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As Above, So Below

“There are two mistakes one can make along the road to truth—not going all the way, and not starting.” —Buddha

The Perennial Tradition, or Ancient Wisdom, teaches that when Atlantis sunk beneath the ocean waves twelve thousand years ago great beings who had walked and taught openly in that epoch withdrew. Not until the great year of precession had turned, and completion of a long cycle had passed, would conditions permit them to appear openly again.

Survivors of the deluge spread out and colonized what became the seven ancient centers of civilization: Egypt, India, Crete, Peru, Mexico (Maya), China, and Chaldea.

Chaldea is the name for Southern Babylon after its occupation by the Chaldeans in the tenth century B.C. The Chaldeans were accomplished astronomers and astrologers and ancient writers often used their name as a synonym for magician. What is sometimes called the “religion of the stars” is part of a body of stellar knowledge which has survived the Atlantean cataclysm and endured through millennia.

Microcosm and Macrocosm

Astrology is a discipline of correspondences based on thousands of years of sky watching and has an underlying premise that we can learn something about the microcosm, us, by understanding the nature of the cycles and patterns of the macrocosm, or what happens in the sky. Stated another way, “As above, so below.”

There are two cycles, one a smaller version of the larger, which define important sign posts on Earth. Each day as the Sun seems to go around the Earth the twelve signs of the zodiac pass over the horizon in a microcosm of the apparent annual journey of the Sun. From microcosm to macrocosm the year is likewise seen symbolically like a “day” and divided into periods of light and dark. Spring is morning, summer is midday, autumn is afternoon and winter is night.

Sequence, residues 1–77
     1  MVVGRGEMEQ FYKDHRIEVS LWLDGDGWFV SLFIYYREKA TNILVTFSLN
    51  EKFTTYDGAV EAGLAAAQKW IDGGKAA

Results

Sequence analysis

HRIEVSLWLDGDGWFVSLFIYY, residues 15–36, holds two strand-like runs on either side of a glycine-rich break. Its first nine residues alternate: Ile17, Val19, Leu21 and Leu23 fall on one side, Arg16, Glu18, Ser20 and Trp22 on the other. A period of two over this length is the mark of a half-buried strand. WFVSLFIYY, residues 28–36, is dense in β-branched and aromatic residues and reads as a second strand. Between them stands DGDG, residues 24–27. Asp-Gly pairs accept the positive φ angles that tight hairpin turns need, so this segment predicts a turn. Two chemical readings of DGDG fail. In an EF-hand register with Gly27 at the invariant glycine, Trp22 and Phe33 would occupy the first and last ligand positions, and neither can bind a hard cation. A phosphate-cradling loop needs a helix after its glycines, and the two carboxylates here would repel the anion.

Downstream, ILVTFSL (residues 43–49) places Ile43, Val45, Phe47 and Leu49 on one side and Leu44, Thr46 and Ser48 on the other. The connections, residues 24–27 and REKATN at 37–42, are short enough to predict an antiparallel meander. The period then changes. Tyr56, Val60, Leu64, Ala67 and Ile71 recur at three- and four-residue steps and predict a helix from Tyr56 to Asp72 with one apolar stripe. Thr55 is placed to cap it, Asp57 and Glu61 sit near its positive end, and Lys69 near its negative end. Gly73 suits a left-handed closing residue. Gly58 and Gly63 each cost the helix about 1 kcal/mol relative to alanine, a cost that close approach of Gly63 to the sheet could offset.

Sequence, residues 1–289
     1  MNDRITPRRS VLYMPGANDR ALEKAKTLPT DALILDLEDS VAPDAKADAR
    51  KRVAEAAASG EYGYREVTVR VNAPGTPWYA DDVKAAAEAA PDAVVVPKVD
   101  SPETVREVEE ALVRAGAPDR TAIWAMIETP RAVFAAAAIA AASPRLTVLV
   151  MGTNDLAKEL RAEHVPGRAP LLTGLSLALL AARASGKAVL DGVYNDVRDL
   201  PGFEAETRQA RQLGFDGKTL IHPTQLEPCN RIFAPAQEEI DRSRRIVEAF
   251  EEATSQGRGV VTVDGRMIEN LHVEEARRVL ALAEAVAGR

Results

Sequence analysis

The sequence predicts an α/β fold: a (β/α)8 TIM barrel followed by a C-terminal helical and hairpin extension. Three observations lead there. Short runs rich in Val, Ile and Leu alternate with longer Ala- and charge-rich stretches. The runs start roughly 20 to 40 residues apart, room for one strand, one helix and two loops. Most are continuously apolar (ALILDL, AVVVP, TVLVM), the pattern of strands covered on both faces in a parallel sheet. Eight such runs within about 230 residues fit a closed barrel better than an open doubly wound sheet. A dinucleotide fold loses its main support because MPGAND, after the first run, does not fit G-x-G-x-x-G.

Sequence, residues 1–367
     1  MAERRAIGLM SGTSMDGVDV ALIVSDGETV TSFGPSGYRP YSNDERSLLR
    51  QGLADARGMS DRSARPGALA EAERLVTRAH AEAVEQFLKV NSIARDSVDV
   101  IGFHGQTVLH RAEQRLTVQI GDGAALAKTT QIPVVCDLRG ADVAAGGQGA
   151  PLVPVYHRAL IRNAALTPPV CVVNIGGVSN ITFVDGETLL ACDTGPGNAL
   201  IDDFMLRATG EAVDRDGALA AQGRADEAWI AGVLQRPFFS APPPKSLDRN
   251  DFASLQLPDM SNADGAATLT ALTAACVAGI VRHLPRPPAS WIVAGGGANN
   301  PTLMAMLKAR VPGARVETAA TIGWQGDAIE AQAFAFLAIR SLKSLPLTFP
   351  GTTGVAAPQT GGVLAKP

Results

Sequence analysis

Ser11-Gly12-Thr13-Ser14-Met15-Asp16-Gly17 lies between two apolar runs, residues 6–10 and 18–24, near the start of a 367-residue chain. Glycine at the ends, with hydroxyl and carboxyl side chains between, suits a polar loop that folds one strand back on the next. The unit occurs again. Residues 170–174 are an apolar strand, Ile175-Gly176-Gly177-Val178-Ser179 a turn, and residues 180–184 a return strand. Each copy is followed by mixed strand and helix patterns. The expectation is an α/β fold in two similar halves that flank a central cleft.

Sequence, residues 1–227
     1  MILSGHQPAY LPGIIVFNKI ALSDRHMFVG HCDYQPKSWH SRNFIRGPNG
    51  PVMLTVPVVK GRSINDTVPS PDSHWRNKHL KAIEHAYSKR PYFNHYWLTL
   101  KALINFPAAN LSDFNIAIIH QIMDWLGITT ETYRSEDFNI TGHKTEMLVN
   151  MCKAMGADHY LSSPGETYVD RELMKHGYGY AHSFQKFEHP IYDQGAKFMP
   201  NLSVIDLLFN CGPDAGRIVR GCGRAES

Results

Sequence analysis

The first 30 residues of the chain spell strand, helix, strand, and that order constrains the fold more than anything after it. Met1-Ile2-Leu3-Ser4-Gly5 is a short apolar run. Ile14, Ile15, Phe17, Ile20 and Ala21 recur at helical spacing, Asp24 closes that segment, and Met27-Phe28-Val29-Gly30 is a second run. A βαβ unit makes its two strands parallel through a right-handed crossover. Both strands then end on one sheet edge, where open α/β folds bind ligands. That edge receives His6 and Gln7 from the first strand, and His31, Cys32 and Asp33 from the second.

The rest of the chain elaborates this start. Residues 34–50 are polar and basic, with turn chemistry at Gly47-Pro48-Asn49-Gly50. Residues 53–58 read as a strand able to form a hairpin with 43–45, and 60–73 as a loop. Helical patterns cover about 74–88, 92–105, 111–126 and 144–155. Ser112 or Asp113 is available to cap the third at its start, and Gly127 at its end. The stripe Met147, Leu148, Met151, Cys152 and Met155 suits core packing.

Progressions are an astrological technique which are seen to be an indirect and subjective influence and refer to an innate pattern of development which links the individual horoscope with the universal plan of creation. Again, as above, so below. The technique of progression allows astrologers to get a sense of “archetypal weather patterns” created by ongoing motions of the planets after birth. Progressions can provide insight into unfolding issues of inner growth and can be helpful with timing matters.

The nature and quality of these energies are seen to shape a person’s life experience, and the energies in question are understood to be electromagnetic. Electromagnetic energy moves at the speed of light and since humans have an electromagnetic component, these influences don’t operate in space-time as we understand it. In the context of Einstein’s famous theory the relationship between velocity and time is described as “relative.” As velocity increases time slows down, and at the speed of light time ceases to exist. Space becomes here and time becomes now. The technique of progression bends time and folds space in a manner that defies logic but has been used for millennia and stood the test of time—pardon the pun!

Since the day is imagined as a microcosm of the year, the most common method for calculating progressions is referred to as a “day for a year.” In this system the planet’s motions in one day of the calendar are viewed symbolically as a microcosm for one year of life. Patterns of life experiences and soul growth are seen to be revealed in the ephemeris (chart of planetary motion) in the first ninety days of life relative to the birth chart.